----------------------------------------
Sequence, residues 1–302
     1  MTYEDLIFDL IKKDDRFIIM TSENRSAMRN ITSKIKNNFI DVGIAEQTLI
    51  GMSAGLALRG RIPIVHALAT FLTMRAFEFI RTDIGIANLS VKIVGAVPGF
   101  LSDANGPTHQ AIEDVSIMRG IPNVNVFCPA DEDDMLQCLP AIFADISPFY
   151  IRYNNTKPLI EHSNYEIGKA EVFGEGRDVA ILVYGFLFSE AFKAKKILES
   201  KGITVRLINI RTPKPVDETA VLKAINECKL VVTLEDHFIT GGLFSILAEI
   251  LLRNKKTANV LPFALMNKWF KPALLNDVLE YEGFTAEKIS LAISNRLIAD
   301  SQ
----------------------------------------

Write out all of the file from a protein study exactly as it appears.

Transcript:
Sequence, residues 1–302
     1  MTYEDLIFDL IKKDDRFIIM TSENRSAMRN ITSKIKNNFI DVGIAEQTLI
    51  GMSAGLALRG RIPIVHALAT FLTMRAFEFI RTDIGIANLS VKIVGAVPGF
   101  LSDANGPTHQ AIEDVSIMRG IPNVNVFCPA DEDDMLQCLP AIFADISPFY
   151  IRYNNTKPLI EHSNYEIGKA EVFGEGRDVA ILVYGFLFSE AFKAKKILES
   201  KGITVRLINI RTPKPVDETA VLKAINECKL VVTLEDHFIT GGLFSILAEI
   251  LLRNKKTANV LPFALMNKWF KPALLNDVLE YEGFTAEKIS LAISNRLIAD
   301  SQ